China-EU trade cooperation: closer and greener
13 May 2022


Bilateral trade between China and the European Union (EU) rose 6.8 percent year on year to reach 1.73 trillion yuan in the first four months of this year, accounting for 13.8 percent of China's foreign trade during the period, according to the General Administration of Customs.


Economic and trade cooperation between EU and China has proved to be astoundingly resilient and vigorous despite the negative consequences of the pandemic. Going forward, closer and greener trade cooperation will benefit both sides and the overall recovery of the world economy.


-- Closer ties between complementary partners


Sound foundations have been laid for the resilience and vigor of China-EU trade, said Zhang Jianping with the research institute of China's Ministry of Commerce (MOC).


To start with, bilateral trade cooperation between China and EU plays an important role in global stability, according to Zhang. Over four decades since China's reform and opening-up, the two sides have strengthened cooperation in trade and investment and intensified coordination and integration of global supply chain and value chain.


In addition, the two economies are complementary in terms of economic structure and developing stage, which will have larger potential for further growth of bilateral trade and investment. The European Union has well developed service industry and high-tech industry. China, however, is still endeavouring to advance its industrialization, with complete industrial system and various industrial categories, making it excel in the manufacturing industry, said Zhang.


Besides, China and EU have made strides in establishing cooperation mechanisms through high-level exchanges, such as China-EU investment pact and China-EU geographical indication (GI) agreement.


The ratification of the bilateral investment treaty is a common concern of the two sides. It is learned that China and EU have both been working on technical work, such as legal review, to prepare for the ratification and implementation of the treaty, since they completed negotiations in late 2020.


Regarding the China-EU agreement on the protection of GIs, for the record, it formally entered into force on March 1 last year. According to the agreement, 100 GIs from each side, involving liquor, tea, food and farm produce, came under protection on the same day. The second GI list, consisting of 175 GIs from each side, is set to go through protection procedures within the next four years.


The landmark agreement on GIs between the two sides for the first time protects and guarantees the authenticity of GIs on a large scale.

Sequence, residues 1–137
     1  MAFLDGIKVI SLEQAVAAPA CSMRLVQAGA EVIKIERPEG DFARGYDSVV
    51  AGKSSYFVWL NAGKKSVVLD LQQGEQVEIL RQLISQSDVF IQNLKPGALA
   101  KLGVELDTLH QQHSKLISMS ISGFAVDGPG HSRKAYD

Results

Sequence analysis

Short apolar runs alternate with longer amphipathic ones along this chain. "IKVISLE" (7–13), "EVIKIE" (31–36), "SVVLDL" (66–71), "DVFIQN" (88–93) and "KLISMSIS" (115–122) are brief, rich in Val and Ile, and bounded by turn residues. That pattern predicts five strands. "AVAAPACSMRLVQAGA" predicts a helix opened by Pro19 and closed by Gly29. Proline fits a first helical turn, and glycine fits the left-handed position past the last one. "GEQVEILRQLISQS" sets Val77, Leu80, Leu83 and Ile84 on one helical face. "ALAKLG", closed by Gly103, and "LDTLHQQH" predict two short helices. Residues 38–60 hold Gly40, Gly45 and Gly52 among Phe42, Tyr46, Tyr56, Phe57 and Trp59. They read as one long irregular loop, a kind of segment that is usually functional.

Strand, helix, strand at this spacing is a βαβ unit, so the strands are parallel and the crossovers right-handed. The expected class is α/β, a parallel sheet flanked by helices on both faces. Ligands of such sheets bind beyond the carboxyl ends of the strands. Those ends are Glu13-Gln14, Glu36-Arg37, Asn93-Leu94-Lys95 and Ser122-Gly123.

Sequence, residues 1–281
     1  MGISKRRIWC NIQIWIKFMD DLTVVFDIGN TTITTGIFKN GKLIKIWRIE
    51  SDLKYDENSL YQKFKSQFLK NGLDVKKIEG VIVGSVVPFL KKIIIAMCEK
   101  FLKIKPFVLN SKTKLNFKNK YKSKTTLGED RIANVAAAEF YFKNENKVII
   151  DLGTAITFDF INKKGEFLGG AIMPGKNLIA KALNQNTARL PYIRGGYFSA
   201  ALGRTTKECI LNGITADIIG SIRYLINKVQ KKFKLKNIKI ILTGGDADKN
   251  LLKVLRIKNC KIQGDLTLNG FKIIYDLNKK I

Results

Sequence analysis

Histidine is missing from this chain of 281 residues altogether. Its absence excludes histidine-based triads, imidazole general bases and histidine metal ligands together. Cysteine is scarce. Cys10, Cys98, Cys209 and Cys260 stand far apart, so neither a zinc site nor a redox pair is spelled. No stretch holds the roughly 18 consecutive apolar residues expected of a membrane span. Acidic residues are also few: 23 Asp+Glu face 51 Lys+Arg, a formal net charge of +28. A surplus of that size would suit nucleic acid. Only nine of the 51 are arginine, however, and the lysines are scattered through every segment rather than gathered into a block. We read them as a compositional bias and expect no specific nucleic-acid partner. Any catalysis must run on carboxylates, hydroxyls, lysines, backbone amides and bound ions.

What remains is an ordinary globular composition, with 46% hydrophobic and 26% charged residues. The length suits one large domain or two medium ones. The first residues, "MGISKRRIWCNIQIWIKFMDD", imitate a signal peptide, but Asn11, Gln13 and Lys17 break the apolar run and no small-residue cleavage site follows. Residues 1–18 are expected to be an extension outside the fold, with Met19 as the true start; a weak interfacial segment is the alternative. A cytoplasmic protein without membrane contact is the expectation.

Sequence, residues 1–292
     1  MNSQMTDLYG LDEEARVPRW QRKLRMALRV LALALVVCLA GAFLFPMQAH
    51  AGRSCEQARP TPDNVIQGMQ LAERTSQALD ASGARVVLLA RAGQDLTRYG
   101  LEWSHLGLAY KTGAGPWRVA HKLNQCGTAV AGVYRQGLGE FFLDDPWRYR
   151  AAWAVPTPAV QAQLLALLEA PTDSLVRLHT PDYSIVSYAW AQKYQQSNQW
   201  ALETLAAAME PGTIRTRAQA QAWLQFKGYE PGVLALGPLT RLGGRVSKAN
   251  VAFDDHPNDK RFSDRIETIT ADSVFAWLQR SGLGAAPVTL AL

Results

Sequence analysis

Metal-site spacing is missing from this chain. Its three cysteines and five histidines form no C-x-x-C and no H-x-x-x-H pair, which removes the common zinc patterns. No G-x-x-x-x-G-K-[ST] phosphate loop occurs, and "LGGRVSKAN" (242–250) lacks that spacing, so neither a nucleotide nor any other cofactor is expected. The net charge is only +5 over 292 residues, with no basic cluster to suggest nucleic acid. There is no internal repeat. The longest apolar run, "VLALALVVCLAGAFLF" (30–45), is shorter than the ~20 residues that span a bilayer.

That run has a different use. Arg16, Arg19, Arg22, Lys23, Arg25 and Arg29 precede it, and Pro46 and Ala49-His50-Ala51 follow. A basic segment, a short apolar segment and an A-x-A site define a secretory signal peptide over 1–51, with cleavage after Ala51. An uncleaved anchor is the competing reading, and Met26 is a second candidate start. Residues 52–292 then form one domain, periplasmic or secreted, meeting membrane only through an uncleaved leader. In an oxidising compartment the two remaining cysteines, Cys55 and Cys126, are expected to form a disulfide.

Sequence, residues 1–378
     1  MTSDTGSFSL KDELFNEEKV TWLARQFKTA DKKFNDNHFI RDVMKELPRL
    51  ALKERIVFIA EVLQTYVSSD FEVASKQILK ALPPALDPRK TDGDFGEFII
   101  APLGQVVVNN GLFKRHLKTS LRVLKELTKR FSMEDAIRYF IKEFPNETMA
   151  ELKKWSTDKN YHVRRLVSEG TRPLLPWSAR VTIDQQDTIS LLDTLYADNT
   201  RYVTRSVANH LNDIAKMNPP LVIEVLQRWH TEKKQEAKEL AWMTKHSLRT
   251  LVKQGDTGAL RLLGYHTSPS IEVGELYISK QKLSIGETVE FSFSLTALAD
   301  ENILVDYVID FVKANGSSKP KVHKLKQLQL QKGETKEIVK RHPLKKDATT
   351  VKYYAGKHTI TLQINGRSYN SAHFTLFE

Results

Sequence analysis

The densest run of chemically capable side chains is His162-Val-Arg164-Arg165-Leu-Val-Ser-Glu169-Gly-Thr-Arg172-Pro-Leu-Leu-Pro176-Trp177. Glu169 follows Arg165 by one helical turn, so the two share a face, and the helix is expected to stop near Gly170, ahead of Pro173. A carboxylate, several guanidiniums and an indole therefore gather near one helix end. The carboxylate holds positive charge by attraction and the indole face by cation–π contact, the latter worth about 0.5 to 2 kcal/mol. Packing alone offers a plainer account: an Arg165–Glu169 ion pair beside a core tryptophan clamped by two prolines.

It has started to benefit both sides since it came into effect. Data showed that in the first quarter of this year, China-EU trade in tea, beer, apple, and cheese and milk has surged 54 percent, 21 percent, 69 percent, and 56 percent on year, respectively.


-- Common commitments on carbon-neutrality


Green development has become common sense of international community. China and EU have great potential and ample space in collaborations of low-carbon development and green energy, Zhang stressed.


He said, the Europe has been a pioneer of global green development and plays a leading role in sustainable production, consumption and trade. The EU unveiled its European Green Deal in 2019 and the bloc aims at reaching carbon neutrality by 2050.


Meanwhile, China has committed itself to peak its carbon emissions before 2030 and becoming carbon neutral by 2060 and rolled out a slew of measures towards the two goals.


While China is delivering on its promise of carbon neutrality, the country is synergizing its development strategy with that of the EU to generate new driving forces in closer partnership.


For example, China's Shanghai Electric Power Company is putting its expertise in wind, solar and hydrogen power into use on Malta's Gozo Island, which it aims to turn into the EU's first carbon-neutral island. The company is also involved in other green power projects in Malta and Montenegro.


Malta is not the only European country that is working with China to generate green power. Wind farm projects in Italy and Croatia have also proved how the tie-up of Chinese renewable technology and Europe's ambitious green targets can make a difference.


Zhang said that the EU may be determined to accelerate use of renewable energy due to the current energy crisis, which will greatly improve the partnerships in solar power and wind power between China and EU.


Source: Belt and Road Portal